The lost Anglais’ and a hamlet unfazed by time

THE nice part of being lost is asking the way. Sometimes it results in fun you d be sorry to have missed. That was exactly the recent case for us. An hour into distant, unknown high country the only (and worrying) positive I had was that the sun ought to

THE nice part of being lost is asking the way. Sometimes it results in fun you'd be sorry to have missed.

That was exactly the recent case for us.

An hour into distant, unknown high country the only (and worrying) positive I had was that the sun ought to be in a different place for us to be going the right way.

We'd gone to new ground looking for early spring flowers and been rewarded by a riot of colour blanketing otherwise bare slopes.


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It was still decidedly chilly up there, and I fretted to get back in the motor as Madam dallied searching for a few stalk-damaged blooms she might take without feeling guilty picking them.

We filmed the masses of their fellows and set off, mission accomplished.

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But before long the very minor road dismayed us by persisting west-by-northwest rather than our required north.

Frontier worries mounted on encountering a red and white striped sentry box.

No sentry, however, and the absence of fag ends suggested it was long redundant.

"We'll go back to that last hamlet and ask. It's only five minutes," I said.

A dubious Madam thought it looked derelict passing through.

The little huddle of one-storey, one room houses was indeed distinctly shabby.

Nor was there the customary caf� for the men folk to congregate outside.

We found a half-dozen of them perched on rocks in front of what proved to be the one shop.

Nobody got up, but the welcome was hearty when they heard we were lost Anglais.

Manchester, Liverpool, Chelsea, they smiled, laughing when Madam implored: "Don't start him off on that", catching her import if not understanding the words.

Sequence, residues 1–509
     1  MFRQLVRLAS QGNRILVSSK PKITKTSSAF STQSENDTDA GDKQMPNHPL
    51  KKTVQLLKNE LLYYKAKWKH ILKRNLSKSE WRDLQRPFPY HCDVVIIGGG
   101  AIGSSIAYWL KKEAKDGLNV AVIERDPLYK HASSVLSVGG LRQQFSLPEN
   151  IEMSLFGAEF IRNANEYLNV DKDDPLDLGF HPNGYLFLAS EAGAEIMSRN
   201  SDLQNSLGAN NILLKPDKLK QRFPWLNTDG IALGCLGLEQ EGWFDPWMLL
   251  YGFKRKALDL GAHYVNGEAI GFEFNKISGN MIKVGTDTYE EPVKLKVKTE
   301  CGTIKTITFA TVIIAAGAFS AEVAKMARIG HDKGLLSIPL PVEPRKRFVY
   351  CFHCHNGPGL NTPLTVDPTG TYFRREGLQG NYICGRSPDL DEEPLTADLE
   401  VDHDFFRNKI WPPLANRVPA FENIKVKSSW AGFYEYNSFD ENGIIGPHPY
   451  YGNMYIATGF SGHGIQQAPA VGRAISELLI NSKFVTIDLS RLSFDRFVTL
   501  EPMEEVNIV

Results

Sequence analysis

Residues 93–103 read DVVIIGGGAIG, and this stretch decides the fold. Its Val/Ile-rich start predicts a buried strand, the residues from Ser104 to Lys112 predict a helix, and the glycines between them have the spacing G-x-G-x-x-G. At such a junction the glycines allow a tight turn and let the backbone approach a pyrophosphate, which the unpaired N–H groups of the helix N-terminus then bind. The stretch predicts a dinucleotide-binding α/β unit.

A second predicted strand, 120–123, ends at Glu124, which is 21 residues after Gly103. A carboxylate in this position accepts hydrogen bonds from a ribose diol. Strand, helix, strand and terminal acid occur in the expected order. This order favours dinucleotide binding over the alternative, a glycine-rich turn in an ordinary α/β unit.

They fell to arguing, as ever will country folk, over which was our best way.

When agreement was finally reached, the shopkeeper found some paper, copied the lines, and gave it to me.

He'd put a big X on it and, pointing, said: "Ecole, OK?" then sign-languaged to take second right there, after which it was a direct 25km.

That settled, we all relaxed and grouped for Madam to video me displaying the map.

Next moment, around the corner came an old lady leading a handsome cow.

Seeing the gathering, she handed Madam the animal's halter and vanished into an adjacent house.

She was soon back, decked out in all her finery and reclaimed the cow to stand posing with it for Madam's camera.

Around my age she had an amazingly smooth face and must have once been a real beauty.

Our day was made by her patent delight when Madam ran the film through twice so she could see herself and her amiable cow.

The beast was left grazing, while she led us around the back of her house to a brood of very new chicks and several frisky lambs.

The chicks ran freely in and out of her house, but inside was clean and tidy, with a splendid tabby asleep on a beautifully embroidered cushion.

Coffee in tiny cups and home baked biscuits appeared in no time.

Tabby was soon on Madam's lap, purring furiously.

Thank heaven for the little shop next door and that its modest wares included a big bar of chocolate, which the old lady accepted with gracious smiling protests.

When we left, she kissed us on both cheeks and hugged Madam, then stood in the door waving, tabs in her arms. I swear Madam's eyes were moist.

The men, who stayed sitting outside, were clearly pleased at how much we'd enjoyed ourselves.

They explained the old lady was granny to one of them, and he it was who handed Madam a bunch of the wild flowers she'd earlier been so circumspect not to pick.

He had apparently rushed off up the hillside to gather them while we were in his gran's.

On the drive home Madam adjured: "You will keep their map for a souvenir?"

She also said, perceptively: "They are happy living the life they have, aren't they, those people?"

When she asked what their little community was called, I volunteered "Brigadoon?"

Not entirely in jest, either.

If I know Madam, we'll be going back sooner or later - and personally I won't be too surprised if, like Brigadoon, it has vanished!

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